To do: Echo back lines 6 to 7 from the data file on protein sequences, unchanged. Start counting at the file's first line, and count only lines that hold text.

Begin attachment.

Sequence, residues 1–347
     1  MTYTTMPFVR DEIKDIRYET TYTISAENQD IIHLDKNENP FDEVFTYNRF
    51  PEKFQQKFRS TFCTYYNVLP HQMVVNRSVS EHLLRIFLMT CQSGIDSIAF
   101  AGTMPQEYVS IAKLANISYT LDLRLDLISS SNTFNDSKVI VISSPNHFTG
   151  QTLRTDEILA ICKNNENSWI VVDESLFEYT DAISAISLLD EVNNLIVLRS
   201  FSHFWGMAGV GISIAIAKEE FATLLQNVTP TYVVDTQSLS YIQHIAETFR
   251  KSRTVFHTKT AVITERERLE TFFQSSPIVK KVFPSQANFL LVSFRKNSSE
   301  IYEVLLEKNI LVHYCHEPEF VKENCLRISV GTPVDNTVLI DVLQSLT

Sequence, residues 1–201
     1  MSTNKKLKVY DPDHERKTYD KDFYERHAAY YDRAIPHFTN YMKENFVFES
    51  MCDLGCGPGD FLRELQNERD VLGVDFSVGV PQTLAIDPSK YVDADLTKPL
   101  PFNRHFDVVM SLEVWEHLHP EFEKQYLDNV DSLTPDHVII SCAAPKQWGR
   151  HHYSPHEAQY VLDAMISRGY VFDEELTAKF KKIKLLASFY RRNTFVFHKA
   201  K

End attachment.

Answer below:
   201  FSHFWGMAGV GISIAIAKEE FATLLQNVTP TYVVDTQSLS YIQHIAETFR
   251  KSRTVFHTKT AVITERERLE TFFQSSPIVK KVFPSQANFL LVSFRKNSSE